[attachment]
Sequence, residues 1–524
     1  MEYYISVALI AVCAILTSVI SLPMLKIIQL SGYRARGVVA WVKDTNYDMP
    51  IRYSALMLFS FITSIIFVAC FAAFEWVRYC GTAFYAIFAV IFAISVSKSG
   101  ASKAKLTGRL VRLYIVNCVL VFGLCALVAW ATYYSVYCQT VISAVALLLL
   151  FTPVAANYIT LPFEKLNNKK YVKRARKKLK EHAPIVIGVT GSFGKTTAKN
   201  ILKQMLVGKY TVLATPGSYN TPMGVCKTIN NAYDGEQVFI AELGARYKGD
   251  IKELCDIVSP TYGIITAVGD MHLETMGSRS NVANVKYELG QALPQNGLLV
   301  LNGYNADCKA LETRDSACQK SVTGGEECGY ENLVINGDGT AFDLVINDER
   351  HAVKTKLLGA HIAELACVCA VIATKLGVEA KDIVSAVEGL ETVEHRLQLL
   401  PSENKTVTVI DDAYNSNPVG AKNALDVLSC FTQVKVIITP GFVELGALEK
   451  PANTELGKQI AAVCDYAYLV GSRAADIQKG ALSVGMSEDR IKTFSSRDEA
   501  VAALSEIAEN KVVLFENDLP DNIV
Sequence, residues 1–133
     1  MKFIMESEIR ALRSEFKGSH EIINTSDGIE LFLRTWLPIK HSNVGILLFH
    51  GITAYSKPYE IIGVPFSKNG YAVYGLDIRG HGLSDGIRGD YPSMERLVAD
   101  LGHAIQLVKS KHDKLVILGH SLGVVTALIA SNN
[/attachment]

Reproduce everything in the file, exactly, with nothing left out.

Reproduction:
Sequence, residues 1–524
     1  MEYYISVALI AVCAILTSVI SLPMLKIIQL SGYRARGVVA WVKDTNYDMP
    51  IRYSALMLFS FITSIIFVAC FAAFEWVRYC GTAFYAIFAV IFAISVSKSG
   101  ASKAKLTGRL VRLYIVNCVL VFGLCALVAW ATYYSVYCQT VISAVALLLL
   151  FTPVAANYIT LPFEKLNNKK YVKRARKKLK EHAPIVIGVT GSFGKTTAKN
   201  ILKQMLVGKY TVLATPGSYN TPMGVCKTIN NAYDGEQVFI AELGARYKGD
   251  IKELCDIVSP TYGIITAVGD MHLETMGSRS NVANVKYELG QALPQNGLLV
   301  LNGYNADCKA LETRDSACQK SVTGGEECGY ENLVINGDGT AFDLVINDER
   351  HAVKTKLLGA HIAELACVCA VIATKLGVEA KDIVSAVEGL ETVEHRLQLL
   401  PSENKTVTVI DDAYNSNPVG AKNALDVLSC FTQVKVIITP GFVELGALEK
   451  PANTELGKQI AAVCDYAYLV GSRAADIQKG ALSVGMSEDR IKTFSSRDEA
   501  VAALSEIAEN KVVLFENDLP DNIV
Sequence, residues 1–133
     1  MKFIMESEIR ALRSEFKGSH EIINTSDGIE LFLRTWLPIK HSNVGILLFH
    51  GITAYSKPYE IIGVPFSKNG YAVYGLDIRG HGLSDGIRGD YPSMERLVAD
   101  LGHAIQLVKS KHDKLVILGH SLGVVTALIA SNN